Wednesday, July 03, 2013

Authors on Artists: Brian Oliu on The Auca & The Cartoons of Catalunya

The Auca & The Cartoons of Catalunya

by Brian Oliu 

They were different: the lines a little bit more jagged, a little less polished. It was a building with scaffolding—the curves of ears and the coloring in of trees that I am not used to; stubby shrubs, bushy and pale. The language, of course, was different as well—diacritic marks, though I did not call them that: squiggles, lines, things that appeared to be misprints, smudges, mismarks with a sharp pencil.

These are the drawings of my childhood: my aunts who lived in Barcelona would send countless picture books overseas—they were odd, not just in their language, their Ts next to Xs in a way that looked unabashedly, well, foreign, but in their feel—hyper glossy prints, slick, even, in their touch.

I could not read them, as I had no knowledge of Catalan beyond “Avi,” (grandfather), & tieta (aunt), & even then I don’t think I would’ve recognized those as words in a different languages: Avi was Avi, just as Tieta Carmen was Tieta Carmen—they were not placeholders for things, they just were. So, instead, I looked at the drawings and tried to ascertain what was happening: there were children, and there were families, there were oranges, and shepherds, and dragons, all things magical—the skylines looked that much more majestic and inviting because they were imperfect. These were drawings that I could make if I tried really hard, if my fingers grew slimmer as I got older—the watercolors splashing in and out of lines, the dog’s eyes represented by two black dots.

There’s something childlike about the culture of Catalunya: once we get past the seriousness of Mirò and the starkness of Gaudí there is playfulness. This is a region that is famous for castells—the stacking of people into large pyramids in townsquares, which seems like something from mythmaking: that there is a lesson to be learned here; that a tower made of people will eventually fall. We remember summer camps where we climb each other to take photographs, the lightest girl scaling to the top & holding up a peace sign before the flash goes off & we all tumble.

And so, comics. And so, children’s illustrations. This is how stories are told: it is not enough to simply tell folks, it must be shown, drawn. The drawings are never perfect—they are not like our American comic books, all flash and style. They are much more rudimentary. The stories are often humble as well: one of the primary forms of historical accounts in Catalunya is the auca: a genre of a story in pictures.

The auca is how I learned origin: Cantonigròs, the village that my grandfather was born in, has an auca that is on the wall of my great-aunt’s summer home. There are drawings of the mountains in the distance. There are silhouettes of farmers, clergymen. I have a child’s knowledge of the history: the gist is there and it is clear, yet any semblance of nuance is lost in the language.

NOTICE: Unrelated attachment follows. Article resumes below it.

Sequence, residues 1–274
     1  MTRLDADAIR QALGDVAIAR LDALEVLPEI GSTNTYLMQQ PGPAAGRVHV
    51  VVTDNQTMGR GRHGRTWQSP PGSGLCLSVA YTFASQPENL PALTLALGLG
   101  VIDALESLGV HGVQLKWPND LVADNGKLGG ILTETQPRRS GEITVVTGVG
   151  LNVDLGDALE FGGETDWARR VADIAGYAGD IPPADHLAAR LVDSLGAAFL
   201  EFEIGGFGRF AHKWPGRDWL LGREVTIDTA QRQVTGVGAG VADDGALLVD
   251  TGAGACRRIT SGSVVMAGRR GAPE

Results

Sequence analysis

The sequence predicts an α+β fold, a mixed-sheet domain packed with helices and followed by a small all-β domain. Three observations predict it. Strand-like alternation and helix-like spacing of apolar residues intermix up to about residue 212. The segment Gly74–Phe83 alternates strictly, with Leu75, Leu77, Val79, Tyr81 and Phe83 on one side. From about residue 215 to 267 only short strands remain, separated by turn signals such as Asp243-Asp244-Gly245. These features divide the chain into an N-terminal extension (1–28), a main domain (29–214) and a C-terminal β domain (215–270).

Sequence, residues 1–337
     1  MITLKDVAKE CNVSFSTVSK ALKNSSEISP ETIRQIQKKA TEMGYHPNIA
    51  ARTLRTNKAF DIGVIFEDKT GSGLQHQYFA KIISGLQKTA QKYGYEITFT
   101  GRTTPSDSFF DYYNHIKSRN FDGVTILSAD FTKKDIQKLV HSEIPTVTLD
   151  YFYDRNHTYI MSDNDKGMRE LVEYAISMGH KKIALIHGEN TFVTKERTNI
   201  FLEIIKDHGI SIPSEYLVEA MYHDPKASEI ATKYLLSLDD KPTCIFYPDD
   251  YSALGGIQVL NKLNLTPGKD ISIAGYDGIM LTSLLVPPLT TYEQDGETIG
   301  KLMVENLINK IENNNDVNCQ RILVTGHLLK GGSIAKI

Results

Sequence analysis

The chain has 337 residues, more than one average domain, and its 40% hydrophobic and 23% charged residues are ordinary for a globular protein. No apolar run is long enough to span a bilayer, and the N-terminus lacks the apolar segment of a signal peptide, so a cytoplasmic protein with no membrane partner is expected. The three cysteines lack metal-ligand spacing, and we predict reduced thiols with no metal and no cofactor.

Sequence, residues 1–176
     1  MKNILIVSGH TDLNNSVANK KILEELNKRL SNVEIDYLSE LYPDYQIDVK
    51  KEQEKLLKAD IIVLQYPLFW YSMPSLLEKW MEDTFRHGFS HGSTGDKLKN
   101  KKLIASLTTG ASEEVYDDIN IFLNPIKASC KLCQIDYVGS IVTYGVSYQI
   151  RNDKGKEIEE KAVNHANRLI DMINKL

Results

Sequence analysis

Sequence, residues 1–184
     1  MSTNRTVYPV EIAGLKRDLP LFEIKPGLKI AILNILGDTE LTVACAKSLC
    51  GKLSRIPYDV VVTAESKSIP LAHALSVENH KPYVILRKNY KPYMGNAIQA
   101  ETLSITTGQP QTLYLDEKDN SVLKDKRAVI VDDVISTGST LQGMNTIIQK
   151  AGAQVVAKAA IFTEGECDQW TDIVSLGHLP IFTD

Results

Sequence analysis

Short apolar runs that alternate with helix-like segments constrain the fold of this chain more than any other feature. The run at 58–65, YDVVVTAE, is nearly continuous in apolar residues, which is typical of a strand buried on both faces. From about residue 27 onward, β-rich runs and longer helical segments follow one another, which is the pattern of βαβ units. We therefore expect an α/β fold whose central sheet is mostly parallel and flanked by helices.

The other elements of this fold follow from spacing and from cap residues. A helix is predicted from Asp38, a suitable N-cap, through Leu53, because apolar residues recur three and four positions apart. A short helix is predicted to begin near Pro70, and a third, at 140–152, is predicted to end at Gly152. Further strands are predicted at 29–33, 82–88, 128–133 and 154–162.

More important than that, the auca is how I first learned the story of my grandfather, as his history was displayed in the television room of my grandparents’ house. It is here I learned that he went to school in Barcelona, through the amateur sketches of Casa Milà—it is where I understood the drawings and the story behind it all because it meant something: here was my grandfather, a great man, I had always been told, & here was proof—in crude sketches of petroleum in beakers, of lines meant to signify motion coming off of an airplane wing, of him running, always running; the small loops meant to represent sweat, to represent effort. I would point & ask for a translation, but by that point the stories had become lore: of leaving Spain & coming to America, of returning, of coming & going in a flash; in as long as it took to start a new panel.

My grandfather wrote a book in Catalan on running; he founded the Barcelona Marathon in the early 80s & was known as a runner during a time where it was still very much in its early stages as a sport. I am trying my best to translate it all, despite not knowing the words beyond the occasional noun, the various conjugations of córrer. The book itself has illustrations; mostly pen and ink drawings in hyper-realist ways, hard lines and shadow. & yet when it comes time to learn a new language, we focus on images—of cartoons of apples & libraries & pools & the words spilling out from underneath them, with their diacritic marks and their vowels doubled up in the strangest of places. We are not told the word in English because it is not important. What is important is that we know where we are going and where we are from, despite not having the words for it.


Brian Oliu is originally from New Jersey & currently lives in Tuscaloosa, Alabama. Recent work appears or is forthcoming in TriQuarterly, Mojo, Drunken Boat, & MonkeyBicycle.